Duncan Hill is a very special peak located between Carne Mountain to the west and Pyramid Mountain to the east. The YDS Class 1 Duncan Ridge Trail route up to the summit is best to be done in summer when the peak has little or no snow on it. The total trip is a little over 13.5 miles and 3300 feet of elevation gain. This path is not rough at all and like neighboring Pyramid Peak, it can be done in a fairly quick time. The big reason for the speed is the high starting elevation of the trailhead. At 5050 feet this starting trailhead give quiet an advantage in reaching the summit. In winter when this peak is snowed in. The trip up here can be quiet a journey and ice axes are required. At least 3500 feet more elevation gain must be added to this trip and many, many miles if you plan on doing this in winter. Therefore this summit is not recommended in winter or spring (November through late June-early July).
VIA THE DUNCAN RIDGE TRAILHEAD: Starting from the city of Wenatchee you want to head up U.S. 97 to the town of Entiat. You want to make a left on the Entiat River road and take it 34 miles. Make a right on Forest Road 5608 and take it up 6 miles to the second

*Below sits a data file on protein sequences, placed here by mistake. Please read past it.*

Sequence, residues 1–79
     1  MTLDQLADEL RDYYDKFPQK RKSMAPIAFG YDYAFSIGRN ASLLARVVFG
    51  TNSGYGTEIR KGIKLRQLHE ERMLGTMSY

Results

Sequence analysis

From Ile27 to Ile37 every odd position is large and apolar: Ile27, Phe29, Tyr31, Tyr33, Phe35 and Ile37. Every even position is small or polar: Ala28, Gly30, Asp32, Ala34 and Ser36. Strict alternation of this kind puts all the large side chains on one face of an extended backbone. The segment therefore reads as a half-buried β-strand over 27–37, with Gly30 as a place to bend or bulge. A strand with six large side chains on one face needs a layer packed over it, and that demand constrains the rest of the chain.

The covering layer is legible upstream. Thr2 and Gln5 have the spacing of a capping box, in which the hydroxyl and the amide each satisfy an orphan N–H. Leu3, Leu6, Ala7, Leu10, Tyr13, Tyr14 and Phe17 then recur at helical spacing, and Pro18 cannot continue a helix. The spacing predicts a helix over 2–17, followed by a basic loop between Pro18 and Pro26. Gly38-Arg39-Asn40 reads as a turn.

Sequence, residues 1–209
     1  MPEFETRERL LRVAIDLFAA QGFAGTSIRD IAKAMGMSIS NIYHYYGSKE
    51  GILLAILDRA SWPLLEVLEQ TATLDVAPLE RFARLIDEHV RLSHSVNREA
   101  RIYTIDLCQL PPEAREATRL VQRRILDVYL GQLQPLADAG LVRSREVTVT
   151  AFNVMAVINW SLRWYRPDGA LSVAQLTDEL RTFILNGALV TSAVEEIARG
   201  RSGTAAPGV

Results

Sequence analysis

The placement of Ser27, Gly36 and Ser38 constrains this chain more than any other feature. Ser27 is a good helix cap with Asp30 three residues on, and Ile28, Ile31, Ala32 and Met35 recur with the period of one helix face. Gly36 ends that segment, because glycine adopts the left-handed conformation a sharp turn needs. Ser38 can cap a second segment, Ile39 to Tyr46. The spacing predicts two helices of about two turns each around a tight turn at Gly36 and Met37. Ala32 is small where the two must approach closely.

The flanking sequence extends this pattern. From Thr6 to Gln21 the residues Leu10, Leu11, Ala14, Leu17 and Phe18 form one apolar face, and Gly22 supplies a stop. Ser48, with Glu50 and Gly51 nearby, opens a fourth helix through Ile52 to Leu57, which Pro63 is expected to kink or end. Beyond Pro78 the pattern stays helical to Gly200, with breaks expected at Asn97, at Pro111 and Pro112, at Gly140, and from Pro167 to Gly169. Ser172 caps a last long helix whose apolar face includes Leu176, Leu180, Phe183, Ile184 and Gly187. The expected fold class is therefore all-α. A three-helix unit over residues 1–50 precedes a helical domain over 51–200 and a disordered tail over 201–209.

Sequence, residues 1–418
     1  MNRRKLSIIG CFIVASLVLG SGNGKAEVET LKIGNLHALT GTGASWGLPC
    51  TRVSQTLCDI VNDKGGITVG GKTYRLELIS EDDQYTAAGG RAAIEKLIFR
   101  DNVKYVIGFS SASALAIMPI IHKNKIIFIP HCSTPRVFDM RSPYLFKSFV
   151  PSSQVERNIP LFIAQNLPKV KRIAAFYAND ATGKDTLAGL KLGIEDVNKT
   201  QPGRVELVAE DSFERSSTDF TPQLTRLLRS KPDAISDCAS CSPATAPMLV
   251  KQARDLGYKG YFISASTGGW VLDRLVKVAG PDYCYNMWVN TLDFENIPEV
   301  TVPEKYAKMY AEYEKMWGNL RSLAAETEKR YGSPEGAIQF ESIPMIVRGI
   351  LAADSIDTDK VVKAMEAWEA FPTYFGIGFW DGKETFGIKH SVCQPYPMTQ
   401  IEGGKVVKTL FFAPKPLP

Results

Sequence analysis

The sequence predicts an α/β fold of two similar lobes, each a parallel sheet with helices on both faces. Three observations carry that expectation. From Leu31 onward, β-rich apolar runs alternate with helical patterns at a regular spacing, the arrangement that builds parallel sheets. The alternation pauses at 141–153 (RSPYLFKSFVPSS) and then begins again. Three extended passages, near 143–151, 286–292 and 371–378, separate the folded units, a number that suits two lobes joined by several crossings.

Y intersection in the road. Make a left at the second Y intersection and the trail will be on your right 100 yards after the intersection. The road is doable in a normal car, however is much more pleasant in a four wheel drive vehicle.
The YDS Class 1 Duncan Ridge Trail begins up the Duncan Ridge at a moderate to gentler slope up from the trailhead of 5050 feet to the first ridgetop of 5582 feet. The trail then goes down gently roughly 200 feet before rising again at a gentle pace after mile 2.5. The trail continues up at varying grades on flat, moderate and gradual slope while staying mostly in the larch and spruce forest until mile 5.0. The last 1.3 miles becomes more open and traveres a number of steep avalanche slopes with a little exposer for those who might struggle with heights. This trail is fairly safe though and you have to be quiet clumsy in summer to fall or slip. Still if there is some snow use caution and have an ice axe and/or choose an alternate route to the summit. At 6.3 miles from the trailhead there will be make well marked spur path to the summit of Duncan Hill that rises at a moderate grade.
In summer all you needed is your 10 essentials. Trekking poles do help but are not required.
External Links Here is a link to the best trip reports on Duncan Hill and other hikes in the Cascades